Age and sexual recidivism

Age and sexual recidivism PDF Version (11KB)

Research summary
Vol. 6 No. 3
May 2001


Does the risk of sexual offending decrease with age?


Sexual offences are among the crimes that invoke the most public concern. The observed rate of new sexual offences among known sexual offenders is 10% to 15% after 4-5 years. Not all sexual offenders, however, reoffend at the same rate. Effective criminal justice interventions require tailoring sanctions and rehabilitative efforts to the level of risk posed by the offenders. Research has clearly established that rate of general (non-sexual) criminal behaviour decreases with age. Less is known about the extent to which the risk for sexual crimes also decreases with age.


Information concerning age and sexual recidivism was combined from ten studies of adult male sexual offenders from Canada, the United States and the United Kingdom (total sample of 4,673). For half of the studies, the follow-up period was 5 years or more (range of 2 to 16 years). The observed rates of sexual recidivism ranged from 7% to 36% (average of 17.5%) based on the criteria used in the original studies (charges, convictions and/or readmissions to hospital).


On average, the rate of sexual recidivism decreased with age. The effect was not large and the patterns were different for rapists, extrafamilial child molesters and intrafamilial child molesters (incest offenders). For rapists, the highest risk age period was between 18 and 25 years, with a gradual decline in risk for each older age period. There were very few old rapists (greater than age 60) and none were known to recidivate sexually. In contrast, the highest risk period for extrafamilial child molesters was between the ages of 25 and 35, with only modest declines in their recidivism risk until after the age of 50. Incest offenders were less likely to recidivate than either rapists or extrafamilial child molesters; however, incest offenders in the 18 to 25 year age group were among the offenders most likely to sexually reoffend. The observed pattern of results is consistent with developmental changes in sexual drive, self-control, and opportunities to offend.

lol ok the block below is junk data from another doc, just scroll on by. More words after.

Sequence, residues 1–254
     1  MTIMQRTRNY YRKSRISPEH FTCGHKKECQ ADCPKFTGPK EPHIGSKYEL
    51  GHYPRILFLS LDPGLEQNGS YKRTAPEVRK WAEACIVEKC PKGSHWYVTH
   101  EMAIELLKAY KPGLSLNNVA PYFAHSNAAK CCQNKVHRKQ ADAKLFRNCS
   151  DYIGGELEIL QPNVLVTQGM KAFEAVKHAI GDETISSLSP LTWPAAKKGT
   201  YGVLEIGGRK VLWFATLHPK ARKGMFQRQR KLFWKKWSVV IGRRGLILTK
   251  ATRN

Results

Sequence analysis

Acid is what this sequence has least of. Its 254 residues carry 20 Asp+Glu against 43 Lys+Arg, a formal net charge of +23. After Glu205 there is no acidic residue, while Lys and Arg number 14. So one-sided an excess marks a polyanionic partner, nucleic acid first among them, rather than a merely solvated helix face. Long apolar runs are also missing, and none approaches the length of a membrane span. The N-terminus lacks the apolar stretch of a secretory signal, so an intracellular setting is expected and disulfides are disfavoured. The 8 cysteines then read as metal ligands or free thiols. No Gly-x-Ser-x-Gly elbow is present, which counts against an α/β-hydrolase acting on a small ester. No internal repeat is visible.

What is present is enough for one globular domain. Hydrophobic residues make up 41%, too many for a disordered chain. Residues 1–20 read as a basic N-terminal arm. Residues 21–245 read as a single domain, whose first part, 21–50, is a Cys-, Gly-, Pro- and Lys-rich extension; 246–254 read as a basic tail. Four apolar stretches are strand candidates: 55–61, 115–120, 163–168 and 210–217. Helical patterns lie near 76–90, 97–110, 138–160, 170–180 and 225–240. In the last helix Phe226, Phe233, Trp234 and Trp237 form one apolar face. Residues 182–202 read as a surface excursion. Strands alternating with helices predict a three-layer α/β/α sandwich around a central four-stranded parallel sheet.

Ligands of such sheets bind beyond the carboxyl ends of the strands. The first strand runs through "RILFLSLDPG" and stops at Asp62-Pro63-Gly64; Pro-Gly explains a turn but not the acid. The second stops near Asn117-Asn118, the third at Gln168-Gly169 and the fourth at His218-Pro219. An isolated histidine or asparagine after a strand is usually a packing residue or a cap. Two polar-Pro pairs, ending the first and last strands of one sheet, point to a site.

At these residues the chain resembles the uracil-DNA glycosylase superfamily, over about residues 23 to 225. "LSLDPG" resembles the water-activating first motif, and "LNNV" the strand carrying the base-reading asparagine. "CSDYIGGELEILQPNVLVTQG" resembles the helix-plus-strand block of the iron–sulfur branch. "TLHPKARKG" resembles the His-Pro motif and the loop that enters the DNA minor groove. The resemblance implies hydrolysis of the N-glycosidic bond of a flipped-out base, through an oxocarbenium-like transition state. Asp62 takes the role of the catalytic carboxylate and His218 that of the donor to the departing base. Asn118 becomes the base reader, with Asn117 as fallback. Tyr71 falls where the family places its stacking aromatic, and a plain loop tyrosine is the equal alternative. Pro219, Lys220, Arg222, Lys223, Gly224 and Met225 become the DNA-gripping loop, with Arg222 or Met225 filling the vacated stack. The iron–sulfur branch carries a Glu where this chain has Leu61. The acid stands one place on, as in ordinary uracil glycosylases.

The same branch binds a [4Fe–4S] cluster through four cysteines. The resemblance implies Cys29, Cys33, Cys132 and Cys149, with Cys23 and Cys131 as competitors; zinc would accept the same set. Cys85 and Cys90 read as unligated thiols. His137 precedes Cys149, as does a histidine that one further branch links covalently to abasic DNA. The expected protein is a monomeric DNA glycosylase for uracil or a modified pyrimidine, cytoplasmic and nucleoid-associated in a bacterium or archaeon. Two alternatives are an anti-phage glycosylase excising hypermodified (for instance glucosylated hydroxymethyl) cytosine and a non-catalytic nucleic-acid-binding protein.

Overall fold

Policy implications

  1. Not all sexual offenders are equally likely to reoffend. Consequently, blanket policies applied to all sexual offenders are likely to waste resources on low risk offenders while failing to provide adequate interventions to the higher risk cases.
  2. The offenders' age and type of victim should be jointly considered in applied risk assessments of sexual offenders. This will likely improve predictive accuracy.
  3. Different forms of interventions may be required for older sexual offenders than for younger sexual offenders. Interventions aimed at preventing new offences should be a priority for young sexual offenders at risk for further offending. For older sexual offenders, interventions may make the greatest contribution when they focus on reparation of harm already caused rather than focussing on reducing the risk for recidivism, which may already be low.


For further information

James Bonta, Ph.D.
Public Safety Canada
340 Laurier Avenue West
Ottawa, Ontario
K1A 0P8
Tel 613-991-2831
Fax 613-990-8295

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